HBO's The Last Of Us Has Already Shown Us Exactly Who Joel Is, And Pedro Pascal Is Nailing It

This post contains major spoilers for "The Last of Us" video game (which are also major spoilers for the HBO television adaptation).

With just two episodes down, HBO's "The Last of Us" has already hit on several major moments from the 2013 game that inspired it. While last week introduced traumatized smuggler Joel (Pedro Pascal), his partner Tess (Anna Torv), and teen survivor Ellie (Bella Ramsey), only two of the three made it out of this week's hour alive. In a scene that both drew directly from the original game and reimagined it, Tess met her end before completing her mission to get Ellie to the Fireflies.

It's a scene that's surreal to compare to the Naughty Dog game on which it's based. Some moments, like the one in which Tess pulls back her collar to reveal an infected spot — "Oops, right?" — are identical to the game. Other aspects, like the threat that's knocking at the trio's door while they quickly process the news that Tess was bitten, are totally different. But there's one change from game to screen that's as subtle as it is revealing: this time around, Joel's a bit of a coward.

'We're s***** people'

As a story, "The Last of Us" is as much about what's happening within the two main characters as what's happening around them. We meet Joel when he's a father. He doesn't initially seem like an above-and-beyond dad-of-the-year type, per se, but he's still a good dad who cares deeply about his daughter Sarah. Then she's killed, and in the 20 year interim, Joel becomes closed off. Much of the game is about the emotional barriers Ellie and Joel break down together, and the bond they build despite the fact that they live in world where love and hope aren't meant to thrive.

Joel's not a good guy, though. He may do some heroic things, but he does some terrible ones too. He's a killer, and a criminal, but nothing he does is as questionable as the decision he makes during the shocking climax of the first game. It's a decision he makes out of pure fear and selfishness, and it's one that — if you look closely — you can see echoed and inverted in his scene with Tess this week.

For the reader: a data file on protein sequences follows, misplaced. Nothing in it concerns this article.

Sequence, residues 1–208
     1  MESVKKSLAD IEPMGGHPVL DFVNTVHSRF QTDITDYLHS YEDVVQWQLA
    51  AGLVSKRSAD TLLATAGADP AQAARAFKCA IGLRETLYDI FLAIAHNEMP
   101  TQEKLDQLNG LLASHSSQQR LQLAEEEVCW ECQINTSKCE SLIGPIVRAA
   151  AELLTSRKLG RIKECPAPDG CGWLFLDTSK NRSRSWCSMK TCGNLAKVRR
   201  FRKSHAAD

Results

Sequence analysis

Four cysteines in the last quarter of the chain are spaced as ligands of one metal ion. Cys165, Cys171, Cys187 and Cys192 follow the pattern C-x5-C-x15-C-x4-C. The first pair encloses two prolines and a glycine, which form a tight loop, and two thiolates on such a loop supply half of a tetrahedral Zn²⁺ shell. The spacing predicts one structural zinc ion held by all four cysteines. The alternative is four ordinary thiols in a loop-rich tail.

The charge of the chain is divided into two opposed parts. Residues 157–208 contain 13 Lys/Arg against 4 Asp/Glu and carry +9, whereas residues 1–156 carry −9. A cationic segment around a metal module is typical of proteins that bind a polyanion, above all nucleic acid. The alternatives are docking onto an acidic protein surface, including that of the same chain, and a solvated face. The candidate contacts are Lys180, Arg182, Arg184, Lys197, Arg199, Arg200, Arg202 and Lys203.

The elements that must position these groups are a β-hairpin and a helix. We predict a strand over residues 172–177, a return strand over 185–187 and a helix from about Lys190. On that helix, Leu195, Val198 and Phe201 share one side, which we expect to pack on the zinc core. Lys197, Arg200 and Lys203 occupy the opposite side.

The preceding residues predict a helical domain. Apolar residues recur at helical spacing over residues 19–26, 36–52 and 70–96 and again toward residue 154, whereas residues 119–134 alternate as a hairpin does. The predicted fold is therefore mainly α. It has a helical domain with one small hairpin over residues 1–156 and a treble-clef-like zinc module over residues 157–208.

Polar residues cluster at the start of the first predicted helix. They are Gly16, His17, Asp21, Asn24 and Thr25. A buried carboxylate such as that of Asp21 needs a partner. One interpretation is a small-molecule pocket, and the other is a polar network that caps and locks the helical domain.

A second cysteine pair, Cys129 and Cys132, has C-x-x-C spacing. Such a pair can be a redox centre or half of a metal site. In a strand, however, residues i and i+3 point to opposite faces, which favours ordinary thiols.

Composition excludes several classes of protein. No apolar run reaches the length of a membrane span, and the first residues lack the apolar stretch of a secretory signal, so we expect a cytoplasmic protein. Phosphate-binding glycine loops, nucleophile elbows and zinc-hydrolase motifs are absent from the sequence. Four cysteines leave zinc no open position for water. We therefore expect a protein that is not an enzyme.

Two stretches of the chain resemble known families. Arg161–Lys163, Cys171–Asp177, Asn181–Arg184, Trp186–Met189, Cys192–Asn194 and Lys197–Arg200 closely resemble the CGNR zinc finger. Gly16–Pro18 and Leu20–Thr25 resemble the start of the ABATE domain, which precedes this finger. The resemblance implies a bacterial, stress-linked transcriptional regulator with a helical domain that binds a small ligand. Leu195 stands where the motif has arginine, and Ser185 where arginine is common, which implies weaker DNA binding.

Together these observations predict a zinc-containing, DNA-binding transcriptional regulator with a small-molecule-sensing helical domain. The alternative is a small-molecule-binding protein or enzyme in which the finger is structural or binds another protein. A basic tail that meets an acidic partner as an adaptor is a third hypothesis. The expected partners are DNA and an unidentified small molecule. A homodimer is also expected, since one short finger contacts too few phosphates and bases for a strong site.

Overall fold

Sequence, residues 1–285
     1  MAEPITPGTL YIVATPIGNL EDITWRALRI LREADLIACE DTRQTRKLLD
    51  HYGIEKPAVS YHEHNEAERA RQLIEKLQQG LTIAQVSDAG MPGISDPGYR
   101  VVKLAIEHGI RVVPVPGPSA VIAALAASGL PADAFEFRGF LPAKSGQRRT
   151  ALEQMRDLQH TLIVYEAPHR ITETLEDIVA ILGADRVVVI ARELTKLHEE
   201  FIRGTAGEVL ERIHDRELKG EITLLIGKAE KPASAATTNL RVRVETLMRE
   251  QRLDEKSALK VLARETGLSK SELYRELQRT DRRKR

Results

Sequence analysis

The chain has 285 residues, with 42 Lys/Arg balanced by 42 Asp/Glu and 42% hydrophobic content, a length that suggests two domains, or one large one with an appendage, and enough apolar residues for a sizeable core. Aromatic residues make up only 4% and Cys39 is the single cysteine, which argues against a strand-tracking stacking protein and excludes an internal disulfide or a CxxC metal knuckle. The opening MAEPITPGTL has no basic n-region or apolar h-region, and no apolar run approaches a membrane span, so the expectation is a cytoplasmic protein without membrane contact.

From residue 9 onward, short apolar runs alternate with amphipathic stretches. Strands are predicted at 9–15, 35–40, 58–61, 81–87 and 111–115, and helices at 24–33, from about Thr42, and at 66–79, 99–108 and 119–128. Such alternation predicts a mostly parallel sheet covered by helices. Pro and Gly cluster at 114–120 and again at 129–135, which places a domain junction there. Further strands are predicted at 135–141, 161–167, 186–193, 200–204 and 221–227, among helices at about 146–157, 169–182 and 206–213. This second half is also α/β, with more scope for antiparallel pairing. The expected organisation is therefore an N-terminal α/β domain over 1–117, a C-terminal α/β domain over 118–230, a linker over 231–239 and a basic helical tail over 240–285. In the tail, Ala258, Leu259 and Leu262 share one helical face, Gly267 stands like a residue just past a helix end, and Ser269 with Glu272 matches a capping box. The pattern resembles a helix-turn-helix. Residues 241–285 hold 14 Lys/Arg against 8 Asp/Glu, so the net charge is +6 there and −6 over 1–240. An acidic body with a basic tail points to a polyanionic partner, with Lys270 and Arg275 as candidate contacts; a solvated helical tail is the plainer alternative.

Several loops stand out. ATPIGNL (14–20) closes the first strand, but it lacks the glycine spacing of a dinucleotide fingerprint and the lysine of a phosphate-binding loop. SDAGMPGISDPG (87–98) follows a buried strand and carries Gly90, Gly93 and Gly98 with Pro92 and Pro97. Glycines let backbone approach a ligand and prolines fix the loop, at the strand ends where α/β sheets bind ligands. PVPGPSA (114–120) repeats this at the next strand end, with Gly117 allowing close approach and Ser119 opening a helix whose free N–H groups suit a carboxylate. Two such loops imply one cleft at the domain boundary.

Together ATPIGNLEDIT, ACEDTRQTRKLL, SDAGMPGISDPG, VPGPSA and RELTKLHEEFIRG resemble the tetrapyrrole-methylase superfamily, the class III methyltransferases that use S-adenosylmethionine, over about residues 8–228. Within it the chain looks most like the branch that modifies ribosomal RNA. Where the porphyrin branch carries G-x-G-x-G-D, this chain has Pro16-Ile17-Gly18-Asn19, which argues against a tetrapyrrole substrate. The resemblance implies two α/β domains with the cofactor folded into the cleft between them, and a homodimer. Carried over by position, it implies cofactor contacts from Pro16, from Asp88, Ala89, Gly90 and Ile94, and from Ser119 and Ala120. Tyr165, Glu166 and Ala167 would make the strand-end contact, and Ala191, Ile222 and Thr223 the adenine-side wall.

In the video game, in Tess' final scene, she says the quiet part loud: "We're s***** people, Joel. We've been that way for a long time." He isn't ready to accept it, snapping back, "No, we're survivors." When Tess shows him her infection and says she's going to stay behind, Joel seems incredulous and frustrated, but he obviously wants to stay with her. She has to talk him into letting her sacrifice herself, pushing him away when he tries to stay. He pauses for a second, blinks hard, then leaves with Ellie.

Pascal adds subtle layers to this week's death scene

In the adapted version, there's an emotional chilliness to the scene that makes it land in an even more interesting way. "Show me," Joel says when he realizes Tess is infected, and you can already see a sense of distance growing in his eyes. He flinches away from Tess like he's scared of her, and it's a movement that's out of line with all the gruff posturing we've seen from Joel so far. Pascal plays these moments perfectly. When Tess cries, he can't reciprocate. Instead, his face suddenly looks like that of a little boy, stubbornly helpless and uncertain as he shakes his head and furrows his brow. He's in shock, and when he finally does act, it's the wrong move: he shoots a relatively harmless infected that turns out to be tied to a whole horde.

Instead of regaining his sense of authority, Pascal's version of Joel remains muted throughout the scene, his initial surprise melting back into a clenched jaw and a practiced vacant expression. This time around, Tess doesn't have to push him away and beg him to leave her. In fact, she lays her heart briefly bare, saying she never asked him to feel the way she felt, and is met with near-silence in response. We don't see a change in Joel's expression when he decides to go. He just goes, grabbing Ellie by the arm despite her noble, screaming protests. Tess stands alone in the background of a shot in which he pulls Ellie down the hall and doesn't look back.

Joel's reaction is a sign of what's to come

Pascal's impressively layered performance makes this scene so much richer in the TV series than it was in the game, but it also lays Joel's emotional cards on the table much sooner than the source material does. Viewers already know, now, that Joel struggles in the face of potential loss — not just to act and save the day, but to acknowledge the reality of loss and sacrifice altogether. We also know now that he's not just a badass with deeply buried trauma, but an emotional open wound that flares in surprising and sometimes unhelpful ways when pressure is applied. And we know, even though Tess doesn't say it this time, that they may, indeed, be the s***** people after all.

Each beat of the sequence, played with perfectly composed emotional distance by Pascal, ties directly back to the climax of "The Last of Us." The result is that this short, pivotal scene, which is already tragic all on its own, now feels like a painful harbinger of what's to come.